Since its inception in 2016, Encina Business Credit has built one of the most well-respected platforms in the asset-based lending industry, so when the company makes a move, it gets attention. In early August, the firm outdid itself, announcing a brand-new recapitalization and expanded capital base from affiliated funds of Barings in addition to a participation from the company’s own management team. The recapitalization also included a name change, with Encina Business Credit now going by Eclipse Business Capital.
Although the news attracted plenty of eyeballs when it broke, for Eclipse Business Capital (we’ll be calling it by its new name throughout this article for clarity’s sake), this was the next step in a long-term plan.
As Martin J. Battaglia, CEO of Eclipse Business Capital, explains, when he and Andy Salter, CEO of Encina Capital, launched the platform formerly known as Encina Business Credit in 2016, the plan was always to reach a recapitalization within a five-to-seven-year window. The firm, which originally had Oaktree Capital as a junior partner, hit on that plan exactly, even shading on the earlier side. In fact, Battaglia says that the firm considered completing this process last year, but, with the market a bit more volatile during 2020 and with no rush to get something done, Eclipse Business Capital waited for the right market conditions.
“It takes a bit of time to execute a transaction like this, but we started the process earlier this year with a target completion date during the summer, which is exactly what happened,” Battaglia says, noting that the transaction officially closed the week after the July 4th holiday in the U.S.
The Right Partner
In addition to wanting to wait for the perfect market conditions, Eclipse Business Capital had to team up with the type of funding source that would provide it with the permanent capital it needed. Through the recapitalization with Barings, Eclipse Business Capital has expanded its capital base by at least $100 million.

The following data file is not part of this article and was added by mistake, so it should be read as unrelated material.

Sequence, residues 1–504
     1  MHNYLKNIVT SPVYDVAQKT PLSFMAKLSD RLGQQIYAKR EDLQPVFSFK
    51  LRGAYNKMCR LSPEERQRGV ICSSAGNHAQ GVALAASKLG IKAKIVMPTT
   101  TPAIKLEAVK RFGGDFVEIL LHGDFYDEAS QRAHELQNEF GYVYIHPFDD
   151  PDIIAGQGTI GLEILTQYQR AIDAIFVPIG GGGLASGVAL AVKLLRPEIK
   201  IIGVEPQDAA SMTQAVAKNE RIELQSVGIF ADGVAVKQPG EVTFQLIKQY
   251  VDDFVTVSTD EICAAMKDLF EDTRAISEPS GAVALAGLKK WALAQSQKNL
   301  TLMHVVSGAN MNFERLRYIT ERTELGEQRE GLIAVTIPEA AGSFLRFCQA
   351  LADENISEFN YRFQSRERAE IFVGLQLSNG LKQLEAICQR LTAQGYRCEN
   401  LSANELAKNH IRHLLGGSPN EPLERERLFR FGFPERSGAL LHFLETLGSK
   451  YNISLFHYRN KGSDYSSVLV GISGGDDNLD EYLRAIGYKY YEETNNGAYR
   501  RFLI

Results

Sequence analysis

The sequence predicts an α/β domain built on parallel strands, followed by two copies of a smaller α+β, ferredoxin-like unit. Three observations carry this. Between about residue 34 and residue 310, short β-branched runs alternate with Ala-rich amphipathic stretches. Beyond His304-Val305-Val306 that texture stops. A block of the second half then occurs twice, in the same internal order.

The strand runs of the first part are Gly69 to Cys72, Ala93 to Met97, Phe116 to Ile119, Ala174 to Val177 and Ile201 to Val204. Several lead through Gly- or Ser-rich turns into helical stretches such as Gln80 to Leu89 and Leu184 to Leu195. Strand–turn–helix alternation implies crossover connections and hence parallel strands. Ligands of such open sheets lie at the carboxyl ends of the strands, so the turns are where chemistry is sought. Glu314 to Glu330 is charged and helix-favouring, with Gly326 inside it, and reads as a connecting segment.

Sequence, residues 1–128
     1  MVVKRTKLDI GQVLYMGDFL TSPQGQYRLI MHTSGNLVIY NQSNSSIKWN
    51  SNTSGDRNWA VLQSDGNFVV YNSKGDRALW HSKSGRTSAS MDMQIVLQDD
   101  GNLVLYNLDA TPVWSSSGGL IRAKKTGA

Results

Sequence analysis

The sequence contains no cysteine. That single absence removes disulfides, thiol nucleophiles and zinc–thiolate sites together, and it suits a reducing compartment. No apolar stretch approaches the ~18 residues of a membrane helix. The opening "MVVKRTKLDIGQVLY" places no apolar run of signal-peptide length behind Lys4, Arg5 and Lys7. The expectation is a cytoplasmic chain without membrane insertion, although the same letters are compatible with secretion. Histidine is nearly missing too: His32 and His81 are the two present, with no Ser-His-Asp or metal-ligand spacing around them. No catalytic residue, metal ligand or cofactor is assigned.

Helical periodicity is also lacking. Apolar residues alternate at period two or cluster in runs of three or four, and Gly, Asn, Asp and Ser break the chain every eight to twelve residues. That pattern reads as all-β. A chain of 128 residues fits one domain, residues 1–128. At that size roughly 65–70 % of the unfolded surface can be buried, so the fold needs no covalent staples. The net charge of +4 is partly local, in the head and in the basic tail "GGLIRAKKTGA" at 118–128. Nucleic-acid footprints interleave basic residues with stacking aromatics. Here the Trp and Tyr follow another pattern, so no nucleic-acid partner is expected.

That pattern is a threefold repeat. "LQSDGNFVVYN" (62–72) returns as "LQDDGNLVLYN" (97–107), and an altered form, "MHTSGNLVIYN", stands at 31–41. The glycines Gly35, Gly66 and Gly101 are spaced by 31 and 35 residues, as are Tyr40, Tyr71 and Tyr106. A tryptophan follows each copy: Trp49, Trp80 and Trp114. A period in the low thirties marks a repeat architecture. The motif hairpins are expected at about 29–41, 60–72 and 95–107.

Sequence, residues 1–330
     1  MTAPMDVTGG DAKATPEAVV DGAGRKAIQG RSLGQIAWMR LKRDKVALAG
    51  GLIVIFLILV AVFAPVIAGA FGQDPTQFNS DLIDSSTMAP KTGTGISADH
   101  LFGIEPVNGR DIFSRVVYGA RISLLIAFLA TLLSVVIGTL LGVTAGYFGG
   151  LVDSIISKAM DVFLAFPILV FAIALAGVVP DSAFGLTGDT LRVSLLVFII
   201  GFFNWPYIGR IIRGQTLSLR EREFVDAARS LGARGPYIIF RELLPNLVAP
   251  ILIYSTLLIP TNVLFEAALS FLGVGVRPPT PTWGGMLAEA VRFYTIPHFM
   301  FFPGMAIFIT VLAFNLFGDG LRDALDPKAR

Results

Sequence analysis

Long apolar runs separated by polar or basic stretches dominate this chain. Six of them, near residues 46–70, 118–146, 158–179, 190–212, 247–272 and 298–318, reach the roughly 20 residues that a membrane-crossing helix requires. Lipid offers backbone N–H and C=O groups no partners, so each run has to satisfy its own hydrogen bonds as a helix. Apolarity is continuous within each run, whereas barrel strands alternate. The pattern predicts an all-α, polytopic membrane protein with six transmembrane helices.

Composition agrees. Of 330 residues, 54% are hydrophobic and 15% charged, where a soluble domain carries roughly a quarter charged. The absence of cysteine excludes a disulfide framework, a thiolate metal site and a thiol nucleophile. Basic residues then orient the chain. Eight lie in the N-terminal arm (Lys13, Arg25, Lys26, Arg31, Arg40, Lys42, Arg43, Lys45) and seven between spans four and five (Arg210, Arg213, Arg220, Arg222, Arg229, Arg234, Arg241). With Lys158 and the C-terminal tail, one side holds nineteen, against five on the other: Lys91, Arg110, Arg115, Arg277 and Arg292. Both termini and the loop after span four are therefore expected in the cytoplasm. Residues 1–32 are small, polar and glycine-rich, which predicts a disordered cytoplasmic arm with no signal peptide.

“As we continue to grow and our needs demand more, be it equity or junior capital, we firmly believe Barings entities will be there to provide that for us,” Battaglia says. “I think we’ve found an excellent partner in Barings. They like what we do. They’re leaving the entire management team intact. Nothing really changes outside of the name.”
Speaking of that name change, its genesis is more a matter of function than description or creative ingenuity. As Battaglia says, the name was selected via group decision, with the primary objective of keeping the EBC initials. That will come in handy as the firm rebrands itself, with much of that ancillary work, including UCC filings and a website redesign, still on its to-do list.
The name change was also necessitated because, with Barings’ involvement, Eclipse Business Capital has completely separated from the Encina Capital platform, with Barings now holding a majority share in the business through its various business development companies. In addition, Eclipse Business Capital’s management team’s participation includes rollover equity and new equity from previously uninvolved members.
Since Eclipse Business Capital’s recapitalization was always part of the plan, the transaction won’t meaningfully change what the business already does. All personnel will remain in their current positions and the firm’s approach and day-to-day analyzation and approval of transactions will stay the same, according to Battaglia. What the recapitalization will do for the company is provide it more flexible and, perhaps more importantly, permanent capital to pursue growth and additional market opportunities.